Tuesday 18th July will be known as the Henri Lloyd Race Day, and as part of the day's celebrations, the Henri Lloyd trophy will be awarded to the overall winner.
BWA Yachting, a leading worldwide provider of marine agency services to superyacht owners and their crews, has renewed its partnership with The International SeaKeepers Society. The aim of the partnership is to increase participation from yachts in assisting with ocean research, conservation and education.
The partnership enters its second year with an emphasis on the DISCOVERY Yachts Program, which utilizes private vessels for marine research, educational outreach, and to deploy oceanographic instruments.
The partnership benefits from BWA Yachting's global network that spans over 370 international ports and marinas through BWA's owned and operated offices in Spain, France, Monaco, Corsica, Italy, Croatia, Montenegro, Albania, Turkey, Malta, the Caribbean, Puerto Rico, Florida and New England.
Crewsaver has been selected to be the Official Safety Provider to the 35th America's Cup, which will take place in Bermuda from 26th May to 27th June 2017.
Crewsaver will be providing the America's Cup with all of the safety equipment needed for their chase boats including lifejackets, helmets, first aid kits, knifes, pyrotechnics and man-overboard rescue equipment, along with a number of marker buoys to help with shepherding boats to the race course.
With help from Crewsaver, the America's Cup will very shortly be launching a number of safety videos, providing viewers with a number of top tips to help them stay safe when out on the water.
In addition, the partnership will provide America's Cup viewers with the opportunity to win a limited edition, and not on general sale (or not available to the public), America's Cup branded Crewfit 180N Pro lifejacket through a competition being run by Crewsaver, details of which will be announced soon.
Beneteau announces the appointment of Luca Brancaleon as Sales Director as of 20 March 2017. He will manage the brand's international commercial strategy.
Luca, who qualified in Law at the University of Parma in 1996, has solid sales management experience in international multi-brand positions. He worked in the mechanical and pharmaceutical industries, before entering the nautical industry 13 years ago, initially with the Sessa brand, and then for the Brunswick Group to develop brands such as Boston Whaler, Hatteras, Cabo Yacht, Sea Ray and the L class internationally.
Luca Brancaleon succeeds Francois Rodrigues, who will move to a newly created role of Sales Development for the Beneteau Group Boats Division.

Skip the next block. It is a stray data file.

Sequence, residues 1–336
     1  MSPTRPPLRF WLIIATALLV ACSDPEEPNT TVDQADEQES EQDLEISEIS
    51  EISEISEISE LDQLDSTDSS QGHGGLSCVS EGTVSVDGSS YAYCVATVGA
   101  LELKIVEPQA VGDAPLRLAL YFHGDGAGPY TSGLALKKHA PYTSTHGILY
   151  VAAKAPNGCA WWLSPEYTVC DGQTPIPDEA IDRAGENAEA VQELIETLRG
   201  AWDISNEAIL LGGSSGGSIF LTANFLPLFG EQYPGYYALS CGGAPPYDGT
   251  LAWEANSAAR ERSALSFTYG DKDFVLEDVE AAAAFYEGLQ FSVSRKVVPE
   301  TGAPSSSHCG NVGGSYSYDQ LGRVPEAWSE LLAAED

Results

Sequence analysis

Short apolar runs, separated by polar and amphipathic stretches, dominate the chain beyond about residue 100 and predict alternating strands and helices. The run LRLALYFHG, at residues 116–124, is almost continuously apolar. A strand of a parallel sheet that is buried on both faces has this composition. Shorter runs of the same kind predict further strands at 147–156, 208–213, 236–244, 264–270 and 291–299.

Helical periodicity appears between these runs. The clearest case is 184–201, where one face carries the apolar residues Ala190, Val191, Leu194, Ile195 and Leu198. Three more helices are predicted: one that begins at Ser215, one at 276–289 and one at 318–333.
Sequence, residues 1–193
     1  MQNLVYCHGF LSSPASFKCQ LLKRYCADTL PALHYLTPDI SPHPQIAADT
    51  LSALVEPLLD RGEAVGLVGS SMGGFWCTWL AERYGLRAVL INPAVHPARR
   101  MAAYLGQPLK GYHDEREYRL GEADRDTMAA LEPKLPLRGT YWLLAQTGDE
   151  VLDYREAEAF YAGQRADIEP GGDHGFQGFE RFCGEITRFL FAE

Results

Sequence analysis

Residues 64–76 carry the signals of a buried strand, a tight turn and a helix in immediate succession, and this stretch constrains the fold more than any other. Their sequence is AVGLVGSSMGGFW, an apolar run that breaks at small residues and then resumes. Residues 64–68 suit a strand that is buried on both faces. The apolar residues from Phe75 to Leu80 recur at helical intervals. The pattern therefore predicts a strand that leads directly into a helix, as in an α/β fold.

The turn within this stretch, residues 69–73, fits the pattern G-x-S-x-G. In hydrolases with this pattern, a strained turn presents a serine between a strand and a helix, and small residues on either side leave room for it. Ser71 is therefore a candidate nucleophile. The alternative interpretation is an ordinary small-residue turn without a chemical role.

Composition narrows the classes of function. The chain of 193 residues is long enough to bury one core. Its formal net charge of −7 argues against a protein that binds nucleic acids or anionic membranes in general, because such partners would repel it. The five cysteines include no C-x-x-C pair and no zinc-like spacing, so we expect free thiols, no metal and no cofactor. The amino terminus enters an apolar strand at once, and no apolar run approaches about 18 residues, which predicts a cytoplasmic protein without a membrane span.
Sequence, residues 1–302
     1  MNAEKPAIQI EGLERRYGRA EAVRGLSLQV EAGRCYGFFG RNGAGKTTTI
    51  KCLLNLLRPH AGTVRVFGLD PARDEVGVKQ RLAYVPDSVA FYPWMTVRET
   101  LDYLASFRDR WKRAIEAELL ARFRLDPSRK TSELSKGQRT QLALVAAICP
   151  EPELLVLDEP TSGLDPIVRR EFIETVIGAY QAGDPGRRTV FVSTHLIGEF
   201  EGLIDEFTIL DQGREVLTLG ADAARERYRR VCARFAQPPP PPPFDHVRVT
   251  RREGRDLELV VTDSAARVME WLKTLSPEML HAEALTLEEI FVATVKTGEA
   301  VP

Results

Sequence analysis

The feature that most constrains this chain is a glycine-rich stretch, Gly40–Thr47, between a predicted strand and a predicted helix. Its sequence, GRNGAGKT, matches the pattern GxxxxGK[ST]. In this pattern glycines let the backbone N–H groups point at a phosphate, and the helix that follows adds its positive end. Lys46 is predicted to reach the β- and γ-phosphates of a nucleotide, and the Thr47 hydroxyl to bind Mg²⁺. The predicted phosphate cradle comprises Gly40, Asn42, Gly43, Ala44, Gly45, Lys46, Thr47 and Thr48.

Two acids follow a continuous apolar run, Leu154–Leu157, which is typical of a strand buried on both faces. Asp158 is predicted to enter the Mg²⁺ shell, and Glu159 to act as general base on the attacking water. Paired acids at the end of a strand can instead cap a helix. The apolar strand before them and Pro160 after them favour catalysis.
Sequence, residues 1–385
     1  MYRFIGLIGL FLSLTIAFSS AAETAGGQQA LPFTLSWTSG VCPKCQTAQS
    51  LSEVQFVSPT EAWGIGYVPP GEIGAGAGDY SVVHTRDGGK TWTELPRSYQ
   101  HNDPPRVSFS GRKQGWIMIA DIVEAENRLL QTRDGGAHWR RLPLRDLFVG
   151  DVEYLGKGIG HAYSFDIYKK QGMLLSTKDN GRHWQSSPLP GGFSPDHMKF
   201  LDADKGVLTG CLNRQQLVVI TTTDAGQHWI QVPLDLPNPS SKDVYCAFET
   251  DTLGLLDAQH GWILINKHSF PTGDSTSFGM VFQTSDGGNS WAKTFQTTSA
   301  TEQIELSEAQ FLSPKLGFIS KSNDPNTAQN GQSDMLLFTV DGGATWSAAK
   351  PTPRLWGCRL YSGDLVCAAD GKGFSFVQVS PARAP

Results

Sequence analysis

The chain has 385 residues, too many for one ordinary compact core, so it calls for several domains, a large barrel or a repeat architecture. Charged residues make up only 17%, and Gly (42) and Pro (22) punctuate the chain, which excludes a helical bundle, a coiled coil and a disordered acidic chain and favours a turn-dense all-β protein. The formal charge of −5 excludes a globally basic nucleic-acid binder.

The Limassol Boat Show which is running May 5-7 at Limassol Marina will be the biggest such event held in Cyprus so far. While the 2017 event will have a limited international participation IBI has been told by the marina's marketing team that the show plans to go fully international in 2018.
According to Cyprus Mail report, the show this year will have over 100 exhibitors and that exhibitors from Cyprus, Russia, Greece and Switzerland will participate. There will be a range of craft on show from small boats up to a 50m(164ft) superyacht.
The show was first held in 2008 but during the financial downturn in 2013 and 2014 was stopped and resumed in 2015. Limassol Marina is sharing in the organising role for the second time this year. The proceeds from the show are to be put towards building a new slipway.
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* From Alistair Skinner: I was reading the latest Seahorse (June 2017) which has just dropped into my inbox and noticed Luca Devoti's article and while I agree with 99.9% of what he is saying, however Victor Kovalenko "probably the greatest sailing coach of all time"? Doing a rough head count I am sure that Jim Saltonstall's ferrets at least matched Victors guys, at least in terms of Olympic medal count. Ainslie, Robertson & Percy alone count 10 and that does not include the other stars he developed towards the Olympic podium. Paul Goodison I think was one of his, as was Andrew Simpson and maybe even the crop that included Walker, Charles, Merricks & Covell. Nick Rogers was another of his and don't forget the likes of Sally Cuthbert who won 4 youth worlds in succession.
Certainly on Olympic medal count Jim outdoes Victor. He may have been known as a youth coach but his work inspired (isn't that what coaches are supposed to do?) Team GBR's relative domination in Olympic Sailing over almost 2 decades.
I'm not saying Victor's a poor coach, just that in my opinion Jim record is better (plus I love to get discussions going)
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The Last Word